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Adrian Sierkowski

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About Adrian Sierkowski

  • Birthday 09/03/1983

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  • Occupation
    Cinematographer
  • Location
    Los Angeles, Ca

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    http://www.adriansierkowski.com

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  1. As far as I know no black magic has any stabilizer
  2. It's kept mattebox makers in business for years! Wanna look pro; put on a mattebox! And a few antenna here and there. They don't even need to do anything.
  3. Technologically though; if they shot at 50HZ/25P/180Deg then that would mitigate most, if not all, flicker issues; correct?
  4. Used both. Get the 300. The c70 is fine, but it really isn't worth the price and the lack of sdi is very annoying. I don't hate it, but it isn't what I would grab for anything but the smallest of gigs
  5. I think the best if you going right to rec709/2020 is going to be the canons. Sony is better in low light and I prefer they're ergonomics but slog can be.....a thing. Bm is really nice to look at but quality control, robustness of build, and matching are a bit of concern. I think of them all, the canon might not be the most revolutionary, but it's a robust system. I would personally reach for a Sony because I'm much prefer the ergonomics; and that's about it.
  6. 12x12 is in feet; it's a large frame, 4x4 is 4ft by 4ft, and 410 / 251 (what I meant to type) are diffusion gels (opal and 1/4 white respectively) The 12x12 might be full grid or maybe bleached muzz; both diffusion fabrics. Also yes makeup is a huge factor, as is overall production design of cool v warm tones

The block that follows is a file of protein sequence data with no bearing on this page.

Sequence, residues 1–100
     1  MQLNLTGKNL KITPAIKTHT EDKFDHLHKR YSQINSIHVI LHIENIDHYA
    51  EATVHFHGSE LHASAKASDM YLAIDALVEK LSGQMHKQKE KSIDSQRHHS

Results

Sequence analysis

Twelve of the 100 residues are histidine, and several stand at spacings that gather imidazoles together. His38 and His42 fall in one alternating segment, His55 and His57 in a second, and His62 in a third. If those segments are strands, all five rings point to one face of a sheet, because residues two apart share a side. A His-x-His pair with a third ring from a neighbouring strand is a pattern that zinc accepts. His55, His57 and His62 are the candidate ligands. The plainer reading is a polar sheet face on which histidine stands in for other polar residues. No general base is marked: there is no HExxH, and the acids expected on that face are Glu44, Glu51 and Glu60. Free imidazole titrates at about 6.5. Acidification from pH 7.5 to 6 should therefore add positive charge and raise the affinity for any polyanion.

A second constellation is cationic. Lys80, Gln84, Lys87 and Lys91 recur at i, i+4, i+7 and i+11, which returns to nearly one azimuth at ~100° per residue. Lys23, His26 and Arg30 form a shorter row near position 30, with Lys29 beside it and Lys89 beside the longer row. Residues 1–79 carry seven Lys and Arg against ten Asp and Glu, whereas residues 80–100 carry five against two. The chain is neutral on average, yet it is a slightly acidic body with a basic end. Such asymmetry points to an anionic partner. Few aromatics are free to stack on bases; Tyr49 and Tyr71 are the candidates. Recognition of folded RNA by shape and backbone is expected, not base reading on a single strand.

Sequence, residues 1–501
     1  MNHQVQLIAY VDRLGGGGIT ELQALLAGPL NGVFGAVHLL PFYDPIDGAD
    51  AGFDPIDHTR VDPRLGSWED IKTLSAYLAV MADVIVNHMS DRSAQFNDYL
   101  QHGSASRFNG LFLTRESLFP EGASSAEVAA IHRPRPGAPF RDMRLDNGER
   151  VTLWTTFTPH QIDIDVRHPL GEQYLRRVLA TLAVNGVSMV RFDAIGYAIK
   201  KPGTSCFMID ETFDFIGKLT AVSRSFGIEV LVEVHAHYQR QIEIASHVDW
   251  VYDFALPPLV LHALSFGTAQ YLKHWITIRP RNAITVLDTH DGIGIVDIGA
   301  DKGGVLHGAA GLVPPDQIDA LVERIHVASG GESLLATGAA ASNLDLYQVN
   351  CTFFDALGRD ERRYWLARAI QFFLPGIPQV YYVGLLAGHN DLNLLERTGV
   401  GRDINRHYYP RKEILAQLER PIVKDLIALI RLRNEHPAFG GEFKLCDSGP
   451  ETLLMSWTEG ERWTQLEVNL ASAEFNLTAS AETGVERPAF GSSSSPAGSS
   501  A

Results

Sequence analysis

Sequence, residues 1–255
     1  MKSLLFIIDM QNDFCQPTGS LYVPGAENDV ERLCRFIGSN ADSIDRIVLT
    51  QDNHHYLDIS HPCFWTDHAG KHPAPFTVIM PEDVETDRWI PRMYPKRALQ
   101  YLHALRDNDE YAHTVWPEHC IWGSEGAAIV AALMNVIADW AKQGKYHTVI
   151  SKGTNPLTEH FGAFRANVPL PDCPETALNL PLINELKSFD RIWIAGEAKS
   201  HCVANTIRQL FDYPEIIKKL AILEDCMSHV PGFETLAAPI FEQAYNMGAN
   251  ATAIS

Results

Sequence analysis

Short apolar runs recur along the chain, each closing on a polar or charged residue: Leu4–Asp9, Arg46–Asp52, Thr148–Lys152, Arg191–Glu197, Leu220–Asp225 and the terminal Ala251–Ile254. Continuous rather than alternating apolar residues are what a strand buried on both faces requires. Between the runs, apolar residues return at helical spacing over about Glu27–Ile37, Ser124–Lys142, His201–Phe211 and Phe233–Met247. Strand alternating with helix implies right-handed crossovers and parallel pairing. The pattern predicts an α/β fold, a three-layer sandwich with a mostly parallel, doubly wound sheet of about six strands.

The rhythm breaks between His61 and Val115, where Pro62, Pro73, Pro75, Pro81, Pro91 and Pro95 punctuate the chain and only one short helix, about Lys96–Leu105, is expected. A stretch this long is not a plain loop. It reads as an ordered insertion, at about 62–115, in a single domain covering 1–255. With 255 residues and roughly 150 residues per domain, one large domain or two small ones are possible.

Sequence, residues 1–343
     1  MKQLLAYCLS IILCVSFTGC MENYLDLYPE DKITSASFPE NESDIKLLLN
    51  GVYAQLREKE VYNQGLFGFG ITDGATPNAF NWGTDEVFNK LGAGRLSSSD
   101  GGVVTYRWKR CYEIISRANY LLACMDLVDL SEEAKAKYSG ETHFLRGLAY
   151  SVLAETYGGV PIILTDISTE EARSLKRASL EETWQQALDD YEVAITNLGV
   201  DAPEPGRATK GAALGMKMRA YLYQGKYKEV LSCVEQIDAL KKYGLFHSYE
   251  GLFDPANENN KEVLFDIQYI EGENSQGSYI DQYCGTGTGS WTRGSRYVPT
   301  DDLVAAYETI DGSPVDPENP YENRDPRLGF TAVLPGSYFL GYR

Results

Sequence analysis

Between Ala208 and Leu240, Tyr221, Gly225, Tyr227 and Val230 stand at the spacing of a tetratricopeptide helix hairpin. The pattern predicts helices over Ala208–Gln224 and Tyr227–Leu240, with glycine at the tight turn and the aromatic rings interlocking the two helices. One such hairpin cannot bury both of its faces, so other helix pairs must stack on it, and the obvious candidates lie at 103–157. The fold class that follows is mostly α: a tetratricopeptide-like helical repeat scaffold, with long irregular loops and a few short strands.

7. Where it me I'd use a large 12x12 frame of something for the over all lighting and then from the same side a an unit though a 4x4 of 410 or maybe 250.
  8. I use either meter, but I tend to incident and cover. Though my meter (zoom 508) has a retractable dome; others have an interchangeable disk. Numbers were just an example; experiment. It might well be a 2:1 ratio (e.g the "shadow" is a 2.8 and the "bright" is a 4) Also I'm sure she was lit with frames of diff to help spread. (Maybe a beauty dish?) She also is being filled in by her environment/show card/many other things than 2 lights more than likely. If you look at the setups for typical glamor magazine photography you can get an idea if what's around her to fill in under chin. There are very many diffusion filters. I would start with a promist personally, but that would be something to really test.
  9. Hope this makes some sense The lighting for the highlights is over exposed relative to the "shadow" side of the face that you would expose for. Note the numbers are arbitrary. You need to meter you key/fill/kicker and background lights separately. In this case we are exposing for our "fill" so that the key light over exposes and blooms (probably helped by a diffusion filter as well because female talent)
  10. It's noting to do with the background. It's about the key and fill sides of her face. The background is irrelevant to what you are trying to achieve on her face. Though you would want it as bright as your exposure so she doesn't disappear into darkness. Let me try to whip up a visual
  11. That's your problem, that's taking an average reading and exposing everything to average out. What you would really want would be for your highlight side to be overexposed by two, three or four stops and your Shadow side to be at your exposure level. For example; Shadow @2.8(your exposure set at 2.8) and highlights reading at a 5.6 or 8 even then you'll push the highlights higher in post. you could also keep shadow at a 2, expose at 2.8 and highlights at a 5.6/8 for a little bit 2 contrast
  12. Sounds like you're lighting flatly... You'd want to set up a nice overall exposure, your base, beauty stuff, and then over-expose just one side of the face. You say you are "under" and "over" exposing; but what is your contrast ratio? What are you reading for your high-light and your mid, and your shadow off of your meter? And, then, what are you setting your exposure based on?
  13. That's very true. But in that case color tunable led is becoming more and more ubiquitous.
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